Melanie Lynskey talks bad auditions and how a sitcom helped her stay indie during SXSW chat

Melanie Lynskey interviewed by director Megan Griffiths during SXSW. Photo by Matt Shiverdecker.

I was a senior in high school when Peter Jackson’s “Heavenly Creatures” rolled into my local art house theater in 1994. My friends and I were thrilled by the story of one of the most infamous murder cases in New Zealand’s history. We saw it over and over again and I knew that we’d be seeing a lot more of the lead actresses in the film – Kate Winslet and Melanie Lynskey.

Earlier today, Seattle-based director Megan Griffiths (who recently directed Lynskey in a film called “Sadie”) sat down with Lynskey at SXSW for a revealing chat sponsored by SAG-AFTRA. She discussed everything from her first acting role (in a play at age 6) to the way she’s been able to manage an eclectic career in independent cinema while getting paid from a big television gig.

Here are a few great moments from their conversation.

Life was weird after “Heavenly Creatures”: “I stayed in New Zealand. I had two more years of high school, so it was very strange. I literally was living my dream and had the most incredible experience. I’d been telling everyone that I wanted to be an actor and they said, “you have to choose a different job. That’s not a real job.” And then I went off and did it. It was sort of a weird thing of coming back and everyone was like ‘that was fun, good for you’ and now get on with life as though it didn’t happen.”

She’s pretty confident about picking the right roles: “I learned that I operate very much from instinct. It has to come from somewhere that’s very truthful inside of me…”

She’s had some horrifying auditions: “One time, they were making a movie about Janis Joplin. It was years ago and I read the script and I just was like…’Janis Joplin is a step too far.’ I just knew instinctively that it was not for me. I was reading the signs…I can’t do it. But I got talked into it. And later I heard that Rachel Griffiths, an amazing actress had gotten a movie because someone had seen the videotape of her audition for Janis Joplin and she was so great and she had gotten a movie from it. And I was like ‘those tapes are out there.’ It scared me so badly. That the casting director was just like showing the tapes to people.”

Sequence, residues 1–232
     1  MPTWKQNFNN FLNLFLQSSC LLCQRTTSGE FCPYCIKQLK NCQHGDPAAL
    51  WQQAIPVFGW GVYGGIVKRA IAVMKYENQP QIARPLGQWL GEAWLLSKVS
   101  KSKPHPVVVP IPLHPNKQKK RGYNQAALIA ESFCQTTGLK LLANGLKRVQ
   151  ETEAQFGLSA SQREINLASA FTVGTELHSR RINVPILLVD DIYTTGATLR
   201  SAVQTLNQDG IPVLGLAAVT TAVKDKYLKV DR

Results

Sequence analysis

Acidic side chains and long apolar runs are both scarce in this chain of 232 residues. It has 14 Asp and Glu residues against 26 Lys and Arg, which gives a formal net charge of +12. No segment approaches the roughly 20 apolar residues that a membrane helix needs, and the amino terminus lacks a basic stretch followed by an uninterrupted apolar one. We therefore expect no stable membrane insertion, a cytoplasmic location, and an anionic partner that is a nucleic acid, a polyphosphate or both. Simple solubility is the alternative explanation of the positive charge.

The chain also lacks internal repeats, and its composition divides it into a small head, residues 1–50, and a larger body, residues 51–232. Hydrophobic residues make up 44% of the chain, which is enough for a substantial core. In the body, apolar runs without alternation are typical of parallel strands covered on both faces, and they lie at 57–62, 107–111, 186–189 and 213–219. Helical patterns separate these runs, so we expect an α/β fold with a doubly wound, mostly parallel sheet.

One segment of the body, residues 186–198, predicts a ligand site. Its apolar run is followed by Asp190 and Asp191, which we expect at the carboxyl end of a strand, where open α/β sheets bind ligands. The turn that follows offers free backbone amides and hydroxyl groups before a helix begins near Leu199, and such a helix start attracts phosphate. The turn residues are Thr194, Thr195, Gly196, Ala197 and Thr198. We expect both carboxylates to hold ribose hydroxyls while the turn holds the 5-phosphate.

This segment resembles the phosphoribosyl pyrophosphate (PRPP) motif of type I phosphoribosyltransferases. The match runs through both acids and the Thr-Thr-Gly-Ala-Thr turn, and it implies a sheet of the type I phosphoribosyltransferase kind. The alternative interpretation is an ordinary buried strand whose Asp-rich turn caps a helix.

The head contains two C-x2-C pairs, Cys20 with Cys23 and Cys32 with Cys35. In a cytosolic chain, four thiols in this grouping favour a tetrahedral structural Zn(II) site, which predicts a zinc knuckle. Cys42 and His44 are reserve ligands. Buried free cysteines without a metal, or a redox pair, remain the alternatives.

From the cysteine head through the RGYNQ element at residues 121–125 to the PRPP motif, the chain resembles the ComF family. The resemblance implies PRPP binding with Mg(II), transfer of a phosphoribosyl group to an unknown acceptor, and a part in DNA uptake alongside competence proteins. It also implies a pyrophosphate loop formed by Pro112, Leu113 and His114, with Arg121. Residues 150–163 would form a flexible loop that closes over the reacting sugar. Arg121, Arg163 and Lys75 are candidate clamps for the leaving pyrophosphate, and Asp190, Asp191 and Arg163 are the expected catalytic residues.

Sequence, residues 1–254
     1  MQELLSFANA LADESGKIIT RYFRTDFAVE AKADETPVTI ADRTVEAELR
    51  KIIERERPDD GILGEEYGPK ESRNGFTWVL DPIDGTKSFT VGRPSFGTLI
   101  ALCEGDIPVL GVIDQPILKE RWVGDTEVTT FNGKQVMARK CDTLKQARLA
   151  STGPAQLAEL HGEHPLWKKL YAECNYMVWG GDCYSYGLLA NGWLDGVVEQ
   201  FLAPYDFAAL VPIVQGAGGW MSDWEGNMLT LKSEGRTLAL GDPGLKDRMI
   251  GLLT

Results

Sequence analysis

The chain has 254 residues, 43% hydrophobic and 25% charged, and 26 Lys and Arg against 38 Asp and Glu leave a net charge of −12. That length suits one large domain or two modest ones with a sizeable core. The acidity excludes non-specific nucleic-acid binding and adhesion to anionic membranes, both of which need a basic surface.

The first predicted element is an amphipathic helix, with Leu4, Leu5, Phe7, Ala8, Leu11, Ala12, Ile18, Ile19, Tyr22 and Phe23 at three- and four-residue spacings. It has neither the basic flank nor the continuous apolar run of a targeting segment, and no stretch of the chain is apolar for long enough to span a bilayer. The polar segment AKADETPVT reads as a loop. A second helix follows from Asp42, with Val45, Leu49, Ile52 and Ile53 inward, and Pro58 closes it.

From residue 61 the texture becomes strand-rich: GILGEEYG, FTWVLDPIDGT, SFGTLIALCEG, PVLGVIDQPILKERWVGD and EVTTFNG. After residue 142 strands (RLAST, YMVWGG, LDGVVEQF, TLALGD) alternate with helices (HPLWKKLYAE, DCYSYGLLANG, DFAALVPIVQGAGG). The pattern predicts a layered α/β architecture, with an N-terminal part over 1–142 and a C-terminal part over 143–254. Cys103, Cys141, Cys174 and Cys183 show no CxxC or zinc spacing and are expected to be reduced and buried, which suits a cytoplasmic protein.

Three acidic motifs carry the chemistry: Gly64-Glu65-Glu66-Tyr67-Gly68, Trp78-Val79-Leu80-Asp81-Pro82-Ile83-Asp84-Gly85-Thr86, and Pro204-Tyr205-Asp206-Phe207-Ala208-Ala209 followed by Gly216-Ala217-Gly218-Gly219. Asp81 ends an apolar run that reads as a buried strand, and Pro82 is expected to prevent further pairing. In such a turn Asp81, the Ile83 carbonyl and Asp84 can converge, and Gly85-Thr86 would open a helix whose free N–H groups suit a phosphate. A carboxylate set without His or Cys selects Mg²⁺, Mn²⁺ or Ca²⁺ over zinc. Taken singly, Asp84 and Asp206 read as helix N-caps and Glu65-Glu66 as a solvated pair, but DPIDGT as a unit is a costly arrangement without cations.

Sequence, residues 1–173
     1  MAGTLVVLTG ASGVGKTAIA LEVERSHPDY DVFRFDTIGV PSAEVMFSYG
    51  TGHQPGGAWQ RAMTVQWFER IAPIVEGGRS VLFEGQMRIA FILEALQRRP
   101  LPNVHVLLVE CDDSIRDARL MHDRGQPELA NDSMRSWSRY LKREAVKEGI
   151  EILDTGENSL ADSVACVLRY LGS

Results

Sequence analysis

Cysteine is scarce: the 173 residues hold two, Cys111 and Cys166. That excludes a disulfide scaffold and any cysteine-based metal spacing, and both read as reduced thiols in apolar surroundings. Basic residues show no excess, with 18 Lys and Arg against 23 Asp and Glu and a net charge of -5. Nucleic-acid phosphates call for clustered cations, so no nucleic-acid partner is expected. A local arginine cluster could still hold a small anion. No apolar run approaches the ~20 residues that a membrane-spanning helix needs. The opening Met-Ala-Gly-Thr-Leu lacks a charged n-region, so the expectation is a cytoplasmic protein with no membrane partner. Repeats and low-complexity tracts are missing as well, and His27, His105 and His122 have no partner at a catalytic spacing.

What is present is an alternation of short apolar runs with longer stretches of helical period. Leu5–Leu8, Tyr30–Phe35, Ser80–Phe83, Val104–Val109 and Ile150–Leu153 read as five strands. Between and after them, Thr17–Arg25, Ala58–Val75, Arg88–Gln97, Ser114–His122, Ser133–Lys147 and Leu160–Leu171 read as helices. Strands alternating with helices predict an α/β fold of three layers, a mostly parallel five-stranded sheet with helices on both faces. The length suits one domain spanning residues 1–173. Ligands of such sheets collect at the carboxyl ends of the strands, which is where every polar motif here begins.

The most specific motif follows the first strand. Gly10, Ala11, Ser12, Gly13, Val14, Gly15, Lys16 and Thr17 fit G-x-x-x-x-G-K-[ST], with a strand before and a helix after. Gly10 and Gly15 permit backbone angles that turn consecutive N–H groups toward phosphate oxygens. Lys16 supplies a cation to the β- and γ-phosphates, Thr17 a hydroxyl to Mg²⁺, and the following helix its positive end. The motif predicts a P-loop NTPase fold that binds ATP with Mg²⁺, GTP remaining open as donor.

Acting on a network sitcom allowed her to keep the rest of her career choices pretty indie: “‘Two and a Half Men’ was like a whole other thing. I did it because it was pilot season and there was a guest-starring role in a sitcom and I was like ‘what’s a sitcom like? That’s interesting. I want to try that.’ And then I became a regular for a couple of years and then after that I got to come and go from the show, which I am so grateful for. I don’t know how people make a living doing independent films. I had this job. I wasn’t getting rich from it…but…I could pay my bills. And I was able to build an interesting independent film career because I had this secret job…that a lot of people didn’t even know I was on…I’m so grateful to the creators of that show.”

The best director she’s ever worked with: “My favorite director I think is probably Steven Soderbergh [Lynskey appeared in his 2009 film “The Informant!”]. He was so great. He wanted it to be so loose and so free. There was a real sense of fun and adventure and just trying stuff that I got addicted to very quickly on that set.”

Melanie Lynskey’s most recent projects include a short film by indie rocker St. Vincent in the female horror anthology “XX” (available now on VOD) and Macon Blair’s Sundance award-winning thriller “I Don’t Feel At Home In This World Anymore” (streaming now on Netflix).


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